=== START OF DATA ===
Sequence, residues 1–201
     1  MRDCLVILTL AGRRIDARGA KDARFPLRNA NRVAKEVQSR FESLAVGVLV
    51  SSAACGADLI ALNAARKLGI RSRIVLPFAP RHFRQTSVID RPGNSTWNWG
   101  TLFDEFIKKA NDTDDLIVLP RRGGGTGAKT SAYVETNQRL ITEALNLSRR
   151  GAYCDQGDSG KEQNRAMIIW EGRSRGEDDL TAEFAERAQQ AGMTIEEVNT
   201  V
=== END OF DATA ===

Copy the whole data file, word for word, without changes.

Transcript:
Sequence, residues 1–201
     1  MRDCLVILTL AGRRIDARGA KDARFPLRNA NRVAKEVQSR FESLAVGVLV
    51  SSAACGADLI ALNAARKLGI RSRIVLPFAP RHFRQTSVID RPGNSTWNWG
   101  TLFDEFIKKA NDTDDLIVLP RRGGGTGAKT SAYVETNQRL ITEALNLSRR
   151  GAYCDQGDSG KEQNRAMIIW EGRSRGEDDL TAEFAERAQQ AGMTIEEVNT
   201  V